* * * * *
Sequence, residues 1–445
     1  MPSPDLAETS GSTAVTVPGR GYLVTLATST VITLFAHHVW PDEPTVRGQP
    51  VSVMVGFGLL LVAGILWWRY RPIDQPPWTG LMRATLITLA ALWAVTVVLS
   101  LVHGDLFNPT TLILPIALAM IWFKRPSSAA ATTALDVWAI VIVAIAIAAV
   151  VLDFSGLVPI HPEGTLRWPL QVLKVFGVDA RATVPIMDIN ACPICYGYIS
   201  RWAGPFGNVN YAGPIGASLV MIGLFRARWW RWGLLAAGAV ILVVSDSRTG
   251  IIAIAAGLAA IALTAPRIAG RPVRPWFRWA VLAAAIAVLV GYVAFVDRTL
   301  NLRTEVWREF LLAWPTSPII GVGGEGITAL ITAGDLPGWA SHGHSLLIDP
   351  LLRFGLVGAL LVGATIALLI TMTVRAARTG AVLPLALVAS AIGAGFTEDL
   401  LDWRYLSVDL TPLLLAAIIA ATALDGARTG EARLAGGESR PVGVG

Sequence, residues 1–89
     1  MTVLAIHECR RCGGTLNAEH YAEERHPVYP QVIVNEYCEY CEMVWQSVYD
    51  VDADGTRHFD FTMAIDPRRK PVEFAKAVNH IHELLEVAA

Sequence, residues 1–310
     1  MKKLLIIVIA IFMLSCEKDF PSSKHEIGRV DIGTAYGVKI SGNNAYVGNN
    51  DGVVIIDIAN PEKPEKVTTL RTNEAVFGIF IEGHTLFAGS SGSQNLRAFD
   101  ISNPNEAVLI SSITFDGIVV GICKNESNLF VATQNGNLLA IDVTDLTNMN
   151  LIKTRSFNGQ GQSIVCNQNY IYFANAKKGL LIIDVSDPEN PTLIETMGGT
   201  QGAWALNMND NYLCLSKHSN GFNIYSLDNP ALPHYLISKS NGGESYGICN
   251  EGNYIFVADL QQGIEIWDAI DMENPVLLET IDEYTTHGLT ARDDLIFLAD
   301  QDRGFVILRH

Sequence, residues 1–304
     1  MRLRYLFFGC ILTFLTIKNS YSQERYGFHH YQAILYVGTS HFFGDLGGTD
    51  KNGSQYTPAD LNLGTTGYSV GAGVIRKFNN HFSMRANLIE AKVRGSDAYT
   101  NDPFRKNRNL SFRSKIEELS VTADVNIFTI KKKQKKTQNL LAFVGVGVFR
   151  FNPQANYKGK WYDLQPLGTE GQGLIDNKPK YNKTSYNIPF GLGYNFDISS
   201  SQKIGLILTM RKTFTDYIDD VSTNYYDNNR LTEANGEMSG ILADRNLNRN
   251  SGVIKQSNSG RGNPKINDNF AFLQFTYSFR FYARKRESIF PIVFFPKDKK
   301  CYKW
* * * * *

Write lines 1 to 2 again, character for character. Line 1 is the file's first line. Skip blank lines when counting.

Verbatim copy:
Sequence, residues 1–445
     1  MPSPDLAETS GSTAVTVPGR GYLVTLATST VITLFAHHVW PDEPTVRGQP